Illustration by Adelaide Tyrol
This “cedar,” like most of the many other trees given that name, is not a cedar at all. It’s a juniper. And despite having round, blue fruits that look just like berries and not at all like cones, eastern red cedar is a conifer. The skin of the berry consists of soft scales that have coalesced, so in theory it might properly be called a cone, farfetched as that may seem. The foliage appears in two forms: young leaves stick out and are sharp-pointed and much longer than the other, older kind – tiny, scale-like leaves pressed tightly to the twig.
Tom Wessels, in Reading the Forested Landscape, uses the relative amount of eastern redcedar compared to that of its more northern relative, common juniper (Juniperus communis), to define the northern boundary of southern New England. Southern New England, he says, begins when the mix of these two species is 50-50, and this follows a wavy line across Massachusetts. Farther south, in Connecticut and Rhode Island, the columnar profiles of redcedars far outnumber the low, spreading shapes of common junipers, a shape that is, indeed, very common farther north. Eastern redcedar’s large range extends throughout almost all of the eastern United States and southeastern Canada, but it doesn’t quite make it as far north as northern New England.
In central and southern New England, the eastern redcedars that fill in old fields and line roads and highways look as though they must surely have been planted. The symmetrical, formal, upright, narrowly conical, and tidy trees suggest that a horticulturalist’s dream has come true; but in truth, they are opportunistic native trees, well equipped to invade abandoned fields or wastelands. Far from being fussy nursery stock, they thrive under adverse conditions, in dry, thin, acidic soils.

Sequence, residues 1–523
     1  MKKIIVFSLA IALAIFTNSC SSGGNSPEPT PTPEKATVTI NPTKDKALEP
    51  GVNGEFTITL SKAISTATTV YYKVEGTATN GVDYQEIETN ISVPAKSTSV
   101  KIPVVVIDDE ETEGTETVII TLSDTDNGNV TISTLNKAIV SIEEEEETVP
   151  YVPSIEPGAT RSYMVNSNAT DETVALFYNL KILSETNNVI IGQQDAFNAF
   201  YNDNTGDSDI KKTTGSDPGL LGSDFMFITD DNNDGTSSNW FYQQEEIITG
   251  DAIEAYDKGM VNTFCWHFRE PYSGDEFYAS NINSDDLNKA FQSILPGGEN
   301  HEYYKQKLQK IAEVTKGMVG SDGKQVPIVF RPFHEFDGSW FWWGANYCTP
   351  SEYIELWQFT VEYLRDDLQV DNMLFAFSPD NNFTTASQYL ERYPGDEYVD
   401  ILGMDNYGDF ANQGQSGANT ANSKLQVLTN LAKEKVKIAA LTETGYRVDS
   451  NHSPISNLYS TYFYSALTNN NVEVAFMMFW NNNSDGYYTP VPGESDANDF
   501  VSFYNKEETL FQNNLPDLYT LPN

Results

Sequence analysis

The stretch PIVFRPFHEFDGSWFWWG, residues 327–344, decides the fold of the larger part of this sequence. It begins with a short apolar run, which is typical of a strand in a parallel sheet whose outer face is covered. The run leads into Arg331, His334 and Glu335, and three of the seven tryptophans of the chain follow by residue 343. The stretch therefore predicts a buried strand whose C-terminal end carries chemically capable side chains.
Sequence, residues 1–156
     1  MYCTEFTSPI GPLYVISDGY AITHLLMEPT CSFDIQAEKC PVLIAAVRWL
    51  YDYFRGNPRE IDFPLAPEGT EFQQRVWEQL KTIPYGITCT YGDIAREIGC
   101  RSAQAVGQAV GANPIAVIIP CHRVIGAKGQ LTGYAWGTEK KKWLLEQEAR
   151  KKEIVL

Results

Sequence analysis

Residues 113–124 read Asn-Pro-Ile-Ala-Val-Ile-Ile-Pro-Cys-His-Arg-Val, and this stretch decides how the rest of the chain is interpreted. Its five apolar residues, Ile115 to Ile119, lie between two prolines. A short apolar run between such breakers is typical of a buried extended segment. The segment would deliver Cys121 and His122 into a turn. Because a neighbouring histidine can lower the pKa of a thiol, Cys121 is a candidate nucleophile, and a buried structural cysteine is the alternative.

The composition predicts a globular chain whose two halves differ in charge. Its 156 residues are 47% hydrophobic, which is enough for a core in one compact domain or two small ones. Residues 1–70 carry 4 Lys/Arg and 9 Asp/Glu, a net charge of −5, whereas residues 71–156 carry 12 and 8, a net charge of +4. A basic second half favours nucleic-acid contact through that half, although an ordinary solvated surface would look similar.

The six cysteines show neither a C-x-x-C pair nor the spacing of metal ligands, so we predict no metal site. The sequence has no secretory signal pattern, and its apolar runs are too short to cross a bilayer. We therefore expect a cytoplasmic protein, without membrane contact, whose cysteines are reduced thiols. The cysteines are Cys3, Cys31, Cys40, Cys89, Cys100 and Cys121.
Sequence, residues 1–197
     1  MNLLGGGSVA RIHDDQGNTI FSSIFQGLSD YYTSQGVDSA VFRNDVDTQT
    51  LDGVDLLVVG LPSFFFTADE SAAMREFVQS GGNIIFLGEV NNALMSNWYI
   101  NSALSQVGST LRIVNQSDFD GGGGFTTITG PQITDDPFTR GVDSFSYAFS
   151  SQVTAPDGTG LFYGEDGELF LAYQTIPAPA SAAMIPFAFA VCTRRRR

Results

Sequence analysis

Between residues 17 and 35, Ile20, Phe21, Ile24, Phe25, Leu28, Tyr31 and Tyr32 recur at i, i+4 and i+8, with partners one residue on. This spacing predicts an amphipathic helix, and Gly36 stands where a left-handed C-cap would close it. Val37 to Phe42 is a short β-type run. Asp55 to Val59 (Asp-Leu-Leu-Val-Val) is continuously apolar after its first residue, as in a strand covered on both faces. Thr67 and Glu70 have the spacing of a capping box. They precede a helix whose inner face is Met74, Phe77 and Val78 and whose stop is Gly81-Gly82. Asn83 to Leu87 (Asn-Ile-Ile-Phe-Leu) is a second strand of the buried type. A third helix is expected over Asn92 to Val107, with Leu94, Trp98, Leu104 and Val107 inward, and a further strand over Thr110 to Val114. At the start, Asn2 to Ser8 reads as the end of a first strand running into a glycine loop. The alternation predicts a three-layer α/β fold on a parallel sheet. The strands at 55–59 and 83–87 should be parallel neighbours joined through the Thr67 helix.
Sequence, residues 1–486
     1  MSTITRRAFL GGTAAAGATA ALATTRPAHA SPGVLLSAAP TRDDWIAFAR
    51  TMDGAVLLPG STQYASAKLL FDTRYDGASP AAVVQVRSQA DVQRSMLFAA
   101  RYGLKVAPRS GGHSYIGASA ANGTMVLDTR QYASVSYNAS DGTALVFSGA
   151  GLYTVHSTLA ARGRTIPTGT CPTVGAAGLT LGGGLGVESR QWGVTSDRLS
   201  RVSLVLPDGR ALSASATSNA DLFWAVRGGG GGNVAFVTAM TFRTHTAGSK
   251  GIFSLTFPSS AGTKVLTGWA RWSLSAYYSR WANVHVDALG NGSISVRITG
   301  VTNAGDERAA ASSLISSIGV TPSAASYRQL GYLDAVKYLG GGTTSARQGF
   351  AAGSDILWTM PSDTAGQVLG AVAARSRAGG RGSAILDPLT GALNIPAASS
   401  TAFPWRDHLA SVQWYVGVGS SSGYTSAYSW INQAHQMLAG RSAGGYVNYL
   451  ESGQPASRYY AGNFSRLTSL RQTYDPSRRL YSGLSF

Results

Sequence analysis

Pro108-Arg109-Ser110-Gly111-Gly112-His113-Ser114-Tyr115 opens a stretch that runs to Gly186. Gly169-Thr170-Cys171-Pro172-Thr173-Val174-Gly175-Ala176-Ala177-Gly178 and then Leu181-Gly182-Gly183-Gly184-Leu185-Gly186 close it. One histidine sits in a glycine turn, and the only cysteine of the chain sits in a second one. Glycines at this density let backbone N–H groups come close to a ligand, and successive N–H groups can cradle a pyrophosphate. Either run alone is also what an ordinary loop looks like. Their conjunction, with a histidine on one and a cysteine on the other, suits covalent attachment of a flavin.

And it’s birds, not the local nursery, that do the landscaping. Tony Holthuijzen, a biologist who studied cedar waxwings – named for their fondness for eastern redcedar berries – found that it takes 12 minutes for a redcedar seed to pass through the digestive system of a cedar waxwing, and that, after taking that trip, the seed is three times as likely to germinate as one that merely falls to the ground. Waxwings and many other bird species often digest their food while sitting on pasture fences, resulting in redcedar hedgerows that faithfully follow fencelines. If berry-eating birds spend time on high-up telephone lines, the seeds are distributed more randomly.
Cedar waxwings are known for their ability to process fruits, but many other birds join them at the annual fall redcedar berry banquet. Robins, mockingbirds, bluebirds, ruffed grouse, wild turkeys, goldfinches, flickers, and grosbeaks all like the berries, as do a long list of mammals: meadow mice, bears, rabbits, foxes, raccoons, skunks, possums, coyotes, and deer.
In between berry crops, eastern redcedar’s dense evergreen foliage is well used for nesting and cover by wild animals. The branches, especially when the trees are young, go right to the ground, providing a safe refuge. The foliage is not a prized edible for most wildlife species but is used as emergency food. Because cattle dislike the prickly branches, they carefully weed the grasses around redcedar seedlings, allowing the little trees to gain a foothold even before a pasture is abandoned.
Eastern redcedar is a small tree, usually topping out at about 40 or 50 feet, and these days it is mostly used for fence posts as it has good rot resistance. In earlier times, there was a bountiful supply of larger trees and the wood was much more widely used that it is now. Early colonists used it for split rail fences, pails, buckets, tubs, sills, and shipbuilding. Its nearly white sapwood contrasts dramatically with the deep purplish-red heartwood. Sometimes called aromatic cedar, the wood is deliciously fragrant and is used in making chests and closet linings because it repels moths.
The uniform, fine-grained heartwood is among the few woods that cooperate when put into a pencil sharpener and many millions of pencils have been made from eastern redcedar. Only the clearest, knot-free sections of heartwood are suitable for pencils, and most of the wood that heads off to a pencil factory is wasted. The supply of eastern redcedar was much diminished by the 1940s, and now most pencils are made from incense-cedar, a western species.
For a pioneer species, this tree is long-lived and can persist for 200 to 300 years, outliving its hardwood compatriots, especially on poor sites where it may be better at appropriating nutrients and water.